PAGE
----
Mineralogical Museum – Chuy Prospekt 164 – Mon-Fri 09:00-15:30
Contains examples of minerals found throughout the country.
The Zoological Museum – Chuy Prospekt 265 – 20 som – Tue-Sat 9-12, 13-17
Though small and occasionally poorly presented, this museum does provide some insight into the beautiful flora and fauna of Kyrgyzstan.
The National Library – Sovietskaya 208 (cnr Frunze) – Tel. 30-47-04 – Daily 9-17
Although not strictly a museum, the library has over the years since it was founded in 1934 become one of the major repositories of culture in the country. The library collects copies of all literature published in the country, as well as a variety of publications from other CIS countries and further afield.
Murataaly Kurenkeev Museum Inside the Kyrgyz State Music College, Panfilov 162 – Tel (0312) 62-17-57, (0312) 62-18-03
Learn about the life and work of folk musician and composer Murataaly Kurenkeev and the history of the college named after him.
The Olga Manuilova Museum Tynystanova 108 (between Kievskaya and Toktogul) – Tel.: 661174 – Mon-Fri 09:00-17:00 (Closed 12:00-13:00 for lunch)
A permanent exhibition on the life and work of prominent Soviet sculptor Olga Manuilova. There are approximately 50 sculptures (busts, bas-reliefs made of wood, metal, plaster and marble), family photographs, books from her personal library, and documents.
The Ischak Razzakov Memorial Museum 90 Chuikov street
Take a peek into the life of Soviet top brass at the house museum of Ischak Razzakov, former First Secretary of the Central Committee. Check out his books, awards, clothes and interior decorating.
Outside Bishkek there are:
The Ala Archa National Park Museum
A few kilometers inside the park. The two storey building houses the administration offices of the park and has a room dedicated examples of the wildlife found here and Issyk Kul.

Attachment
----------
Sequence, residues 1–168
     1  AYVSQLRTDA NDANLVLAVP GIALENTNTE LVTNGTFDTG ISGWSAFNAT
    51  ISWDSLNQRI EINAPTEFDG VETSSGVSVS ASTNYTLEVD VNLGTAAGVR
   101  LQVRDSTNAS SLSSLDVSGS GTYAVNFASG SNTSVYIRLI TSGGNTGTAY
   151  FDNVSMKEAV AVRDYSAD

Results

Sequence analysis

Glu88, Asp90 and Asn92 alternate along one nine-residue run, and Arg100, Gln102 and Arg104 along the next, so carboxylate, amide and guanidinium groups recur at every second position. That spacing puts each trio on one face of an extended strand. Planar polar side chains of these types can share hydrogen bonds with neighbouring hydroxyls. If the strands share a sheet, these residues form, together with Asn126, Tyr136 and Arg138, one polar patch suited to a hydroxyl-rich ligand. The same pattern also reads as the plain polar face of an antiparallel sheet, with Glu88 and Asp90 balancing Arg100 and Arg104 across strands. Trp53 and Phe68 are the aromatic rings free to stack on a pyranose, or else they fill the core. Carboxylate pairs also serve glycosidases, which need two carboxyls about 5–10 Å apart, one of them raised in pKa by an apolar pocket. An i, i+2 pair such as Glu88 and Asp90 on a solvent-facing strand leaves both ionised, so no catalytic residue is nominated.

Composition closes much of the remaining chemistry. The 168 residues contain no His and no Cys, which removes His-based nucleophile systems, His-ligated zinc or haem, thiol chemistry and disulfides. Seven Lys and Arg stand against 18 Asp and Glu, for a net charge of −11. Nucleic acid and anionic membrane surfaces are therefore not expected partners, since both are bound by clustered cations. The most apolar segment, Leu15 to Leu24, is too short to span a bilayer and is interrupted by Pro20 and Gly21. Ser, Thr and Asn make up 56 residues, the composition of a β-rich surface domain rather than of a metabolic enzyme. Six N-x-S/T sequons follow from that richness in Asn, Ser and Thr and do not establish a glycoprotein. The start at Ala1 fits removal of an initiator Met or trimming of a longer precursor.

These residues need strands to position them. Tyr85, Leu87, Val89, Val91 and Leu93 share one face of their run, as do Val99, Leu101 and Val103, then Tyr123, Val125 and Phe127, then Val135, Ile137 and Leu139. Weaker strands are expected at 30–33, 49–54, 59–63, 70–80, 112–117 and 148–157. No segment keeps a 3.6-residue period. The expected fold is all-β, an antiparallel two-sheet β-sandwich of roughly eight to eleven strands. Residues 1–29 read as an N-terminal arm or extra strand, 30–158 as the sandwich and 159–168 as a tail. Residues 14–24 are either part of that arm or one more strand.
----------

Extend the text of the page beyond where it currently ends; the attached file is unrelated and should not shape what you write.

Ata-Beit Memorial and Museum in Chon-Tash
Chon-Tash village. Following the road from the city center to Ala-Archa National Park, turn left at the arch with the red star, then after about 2-3 miles, in the center of the village, turn left and the entrance is just past a large farm on the right. There is a grey sign announcing the memorial. Turn right up the hill and follow the road to the parking lot. Open every day, 9am-5pm.
This somber memorial and museum was built to commemorate those arrested and killed in Bishkek in November 1937 for political reasons. It is believed that during the first week of November, 1937, nearly 140 people – most of whom were within the Kyrgyz Soviet government – were rounded up, brought to the “resort” of Chon-Tash, shot and buried in a mass grave in an old brick kiln. The identities of all but one of the recovered bodies have been documented, putting a very human face on the excesses of Stalinist times. The event was kept a secret until the 1980s when a watchman at the time of the murders told his daughter just before he died. After perestroika, she told the police. In 1991, the bodies were moved to a mass grave nearby and a memorial was built. The site includes a striking monument; a museum that includes documents, belongings and photographs of those killed; and the kiln where bodies were dumped.